A new riff

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“I love custom-made bikes, I love dark stuff and if I could purple-velvet everything I probably would.” So proclaims Massimo Buster Minale – founder of furniture and lighting brand Buster+ Punch. He is one of a small tranche of designers bucking the minimalist Scandinavian trend and embracing the lavish and sexy side of design. Photographed by fashion photographer Anthony Hill, his new collection – Hooked – is straight out of a 1980’s rock video: dramatic, beautiful and dark, whilst only narrowly avoiding the high-camp.

Hooked is a collection of lighting and furniture which is based on ‘rock and roll and custom motorbikes’. The items are indulgent – chairs upholstered in black padded silk; humorous – a whiskey bar using parts of a snake’s tank; and glamorous – lighting designed to look like the volume knob on a Gibson guitar. Immaculately detailed, heavy and solidly crafted, Buster+Punch’s pieces are the antithesis to the bland, mass-produced minimalism which has been peddled out to the general public over the last twenty years:

“In Victorian times people painted their ceilings – just for decoration – pure decadence. Nowadays everything has to have a function first and then it is what it is” Minale laments. “Buster+ Punch is all about ‘just cause we can’ – it doesn’t need to have a button there – but it looks fucking nice, so let’s have a button there: It’s that sort of attitude.”

Throwing away the modernist handbook might seem just a touch flippant, but if anyone is qualified to do it, Massimo Minale is. What his wide London accent belies is the fact that Minale is design royalty. The son of legendary designer Marcello Minale, Massimo trained as an Architect at the University of Cambridge and worked for big names Richard Rogers and Foster + Partners before starting his own design agency –  Minale+Minale – with his brother in 2003. Ten successful years on designing luxury homes for the rich and famous, Minale is ready for a new challenge. A new director has joined the design agency – now called Minale + Mann – and Massimo’s focus is now Buster+Punch.

Not only is Buster+Punch’s product completely different to anything currently on the market, it is also branded in a completely different way. Taking their cue from fashion, Buster+Punch will have an annual collection which, like Hooked will be presented as part of a whole lifestyle: “If you open any interiors magazine, everything’s photographed on white, even if it is interesting, they just make it boring – it’s cut out of its setting” says Minale. Buster+Punch won’t be making the same mistake. As part of the Hooked collection they have created a limited edition cafe racer motorbike which will accompany them to various shows.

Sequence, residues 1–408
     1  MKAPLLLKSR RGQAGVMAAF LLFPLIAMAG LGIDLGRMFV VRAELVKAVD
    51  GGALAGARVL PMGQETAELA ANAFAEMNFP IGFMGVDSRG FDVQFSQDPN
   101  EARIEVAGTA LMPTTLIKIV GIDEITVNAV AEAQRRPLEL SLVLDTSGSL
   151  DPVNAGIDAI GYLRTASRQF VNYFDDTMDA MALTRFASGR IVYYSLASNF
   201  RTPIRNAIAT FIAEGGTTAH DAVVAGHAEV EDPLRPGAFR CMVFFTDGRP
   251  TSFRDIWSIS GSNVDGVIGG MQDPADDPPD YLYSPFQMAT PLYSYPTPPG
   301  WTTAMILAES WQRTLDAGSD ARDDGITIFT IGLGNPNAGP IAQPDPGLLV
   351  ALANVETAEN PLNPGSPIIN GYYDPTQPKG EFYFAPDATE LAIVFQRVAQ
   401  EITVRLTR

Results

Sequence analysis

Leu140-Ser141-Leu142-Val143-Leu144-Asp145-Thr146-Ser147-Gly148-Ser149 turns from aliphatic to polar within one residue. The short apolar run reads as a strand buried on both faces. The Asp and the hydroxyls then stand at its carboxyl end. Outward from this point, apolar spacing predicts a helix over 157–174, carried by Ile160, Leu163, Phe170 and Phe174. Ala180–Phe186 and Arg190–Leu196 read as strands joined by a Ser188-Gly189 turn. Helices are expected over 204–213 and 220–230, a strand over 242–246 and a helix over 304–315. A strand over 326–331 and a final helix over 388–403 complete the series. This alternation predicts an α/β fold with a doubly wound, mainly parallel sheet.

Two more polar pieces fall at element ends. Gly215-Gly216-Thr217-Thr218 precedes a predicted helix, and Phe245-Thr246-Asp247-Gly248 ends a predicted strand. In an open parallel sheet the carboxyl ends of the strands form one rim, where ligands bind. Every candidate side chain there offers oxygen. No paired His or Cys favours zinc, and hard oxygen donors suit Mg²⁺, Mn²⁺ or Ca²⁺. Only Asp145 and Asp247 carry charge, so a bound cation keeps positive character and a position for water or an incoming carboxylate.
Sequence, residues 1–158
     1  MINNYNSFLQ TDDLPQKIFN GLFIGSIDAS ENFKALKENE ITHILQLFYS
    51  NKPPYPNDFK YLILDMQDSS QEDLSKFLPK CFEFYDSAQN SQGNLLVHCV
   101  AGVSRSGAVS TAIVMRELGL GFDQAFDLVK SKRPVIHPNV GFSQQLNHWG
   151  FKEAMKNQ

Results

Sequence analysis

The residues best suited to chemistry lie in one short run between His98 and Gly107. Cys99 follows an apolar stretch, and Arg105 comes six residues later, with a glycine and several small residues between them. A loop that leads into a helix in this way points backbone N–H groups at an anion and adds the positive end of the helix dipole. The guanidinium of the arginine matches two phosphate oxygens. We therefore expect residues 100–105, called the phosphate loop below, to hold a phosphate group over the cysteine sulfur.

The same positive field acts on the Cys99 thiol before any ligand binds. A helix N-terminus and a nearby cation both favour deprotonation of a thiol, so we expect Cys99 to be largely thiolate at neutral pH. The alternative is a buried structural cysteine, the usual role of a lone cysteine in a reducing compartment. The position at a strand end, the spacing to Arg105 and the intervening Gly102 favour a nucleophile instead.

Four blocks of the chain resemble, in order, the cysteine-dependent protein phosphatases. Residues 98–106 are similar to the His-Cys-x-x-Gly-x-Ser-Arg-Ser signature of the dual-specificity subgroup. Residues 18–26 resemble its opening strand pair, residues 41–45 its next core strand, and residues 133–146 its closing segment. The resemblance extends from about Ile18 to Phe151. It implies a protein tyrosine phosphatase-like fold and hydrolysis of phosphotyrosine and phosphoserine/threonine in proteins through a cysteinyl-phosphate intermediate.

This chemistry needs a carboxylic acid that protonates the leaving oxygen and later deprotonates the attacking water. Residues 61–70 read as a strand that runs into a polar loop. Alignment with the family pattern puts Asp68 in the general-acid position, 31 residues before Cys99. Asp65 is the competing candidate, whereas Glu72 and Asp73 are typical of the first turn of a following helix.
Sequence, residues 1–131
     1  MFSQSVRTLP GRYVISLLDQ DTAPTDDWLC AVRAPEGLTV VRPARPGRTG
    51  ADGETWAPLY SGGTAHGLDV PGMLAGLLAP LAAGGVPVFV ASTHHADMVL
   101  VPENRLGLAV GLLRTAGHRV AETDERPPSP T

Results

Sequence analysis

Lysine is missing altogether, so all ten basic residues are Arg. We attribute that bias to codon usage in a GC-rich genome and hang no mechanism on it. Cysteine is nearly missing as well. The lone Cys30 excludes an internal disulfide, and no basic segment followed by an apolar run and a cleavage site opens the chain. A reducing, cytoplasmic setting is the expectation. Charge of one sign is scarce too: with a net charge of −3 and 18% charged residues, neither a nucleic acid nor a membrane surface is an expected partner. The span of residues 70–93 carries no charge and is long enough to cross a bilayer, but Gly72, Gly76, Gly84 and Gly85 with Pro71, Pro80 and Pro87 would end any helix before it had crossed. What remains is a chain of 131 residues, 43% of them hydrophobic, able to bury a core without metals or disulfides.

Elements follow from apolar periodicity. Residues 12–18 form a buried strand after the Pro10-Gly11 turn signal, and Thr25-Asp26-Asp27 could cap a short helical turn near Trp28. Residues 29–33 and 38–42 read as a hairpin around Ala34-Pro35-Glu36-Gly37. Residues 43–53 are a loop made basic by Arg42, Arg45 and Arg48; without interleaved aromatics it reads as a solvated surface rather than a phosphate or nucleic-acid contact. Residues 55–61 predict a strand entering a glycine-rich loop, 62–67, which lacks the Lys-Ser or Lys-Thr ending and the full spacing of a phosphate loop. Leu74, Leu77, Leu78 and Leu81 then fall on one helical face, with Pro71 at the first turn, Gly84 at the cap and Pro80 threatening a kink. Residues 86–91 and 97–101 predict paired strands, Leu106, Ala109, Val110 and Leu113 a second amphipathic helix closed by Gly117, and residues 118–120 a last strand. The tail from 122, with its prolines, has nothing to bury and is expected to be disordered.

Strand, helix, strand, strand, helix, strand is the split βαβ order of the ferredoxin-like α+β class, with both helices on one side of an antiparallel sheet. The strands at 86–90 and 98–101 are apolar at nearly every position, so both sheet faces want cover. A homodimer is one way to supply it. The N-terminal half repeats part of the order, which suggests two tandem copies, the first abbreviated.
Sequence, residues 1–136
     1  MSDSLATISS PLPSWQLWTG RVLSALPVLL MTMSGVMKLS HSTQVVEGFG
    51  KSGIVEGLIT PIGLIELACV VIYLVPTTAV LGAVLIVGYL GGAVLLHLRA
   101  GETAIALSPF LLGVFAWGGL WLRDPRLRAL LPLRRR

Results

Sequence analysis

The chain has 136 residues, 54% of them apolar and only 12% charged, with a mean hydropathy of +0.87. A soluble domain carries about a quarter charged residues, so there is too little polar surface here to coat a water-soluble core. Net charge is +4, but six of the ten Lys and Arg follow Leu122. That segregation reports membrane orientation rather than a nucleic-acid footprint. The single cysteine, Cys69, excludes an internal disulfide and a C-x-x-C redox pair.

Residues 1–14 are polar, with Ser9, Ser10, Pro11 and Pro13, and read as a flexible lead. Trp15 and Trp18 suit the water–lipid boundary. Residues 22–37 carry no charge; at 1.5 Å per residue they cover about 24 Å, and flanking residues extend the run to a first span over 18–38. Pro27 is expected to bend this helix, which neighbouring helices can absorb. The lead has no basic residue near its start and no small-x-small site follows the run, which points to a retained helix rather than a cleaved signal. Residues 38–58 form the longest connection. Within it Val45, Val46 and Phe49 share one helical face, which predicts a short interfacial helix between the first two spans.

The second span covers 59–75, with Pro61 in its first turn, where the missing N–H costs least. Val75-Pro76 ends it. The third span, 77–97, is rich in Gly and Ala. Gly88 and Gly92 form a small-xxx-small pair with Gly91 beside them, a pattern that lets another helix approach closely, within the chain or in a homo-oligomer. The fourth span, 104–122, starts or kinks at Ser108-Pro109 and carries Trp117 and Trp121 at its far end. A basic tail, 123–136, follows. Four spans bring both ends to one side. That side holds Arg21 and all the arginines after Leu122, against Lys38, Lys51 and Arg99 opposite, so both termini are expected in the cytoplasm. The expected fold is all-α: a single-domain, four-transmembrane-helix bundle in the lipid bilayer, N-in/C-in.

Keen, also, not to alienate the very customers who have influenced them, Buster+Punch have designed something for everyone. “Our brand is built around skater kids and guys who make little motorbikes and artists -so we’re gonna sell all of these little parts separately – the furniture buttons, handles, lampshades – so a guy who can’t afford the three grand whiskey bar can buy a bunch of these bolts, a couple of handles, go to their Ikea kitchen and rock it up a bit.”

So what does Minale think about Ikea? “I don’t mind Ikea – they make cheap stuff that’s cool. But if you go to Scandinavia, a young person buys their flat, they get some Ikea furniture and then they paint it, or they add bits on. We’re all about customising things – custom motorbikes, sticking stuff on things.”

In fact, this is exactly the point at which Buster+Punch started. Clients from Minale+Mann were looking for something interesting to furnish their new homes with and finding nothing out there. So Minale set up a workshop in East London where, along with some friends, he started creating new designs – either from scratch or by customising existing furniture. The Wingback Remix is an example of this – a customised version of a chair by James UK.

In the near future Minale also plans to open a series of concept stores, starting in his current home, Stockholm. Here, shoppers will be able to choose the components for their own Buster+Punch product and watch as is realised in a workshop on the premises. Minale enjoys the idea of involving people in the process – of creating something which, if not completely bespoke, is at least individual.

Individuality and customisation is something that Minale hopes will be carried into the home with his products and, as such, has designed them to be displayed and used in a variety of ways: Each pendant lamp comes with a brass hook which can be used to move it around the ceiling, change its height or hang it from something else. They can be displayed with or without shades in a range of colours and textures.

Minale’s passion is evident – he is full of ideas and has already bagged some major names to collaborate with on next year’s collection. The future of Buster+Punch is certain to be varied – one of the unconventional, the unexpected, of reinvention and full of fun: Rock and Roll.


Collaborations in the pipeline – definitely one to watch.

Will be showing at Clerkenwell Design Week – XYZ stand

by Emilie Lemons 

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Glass Online architecture and design writer

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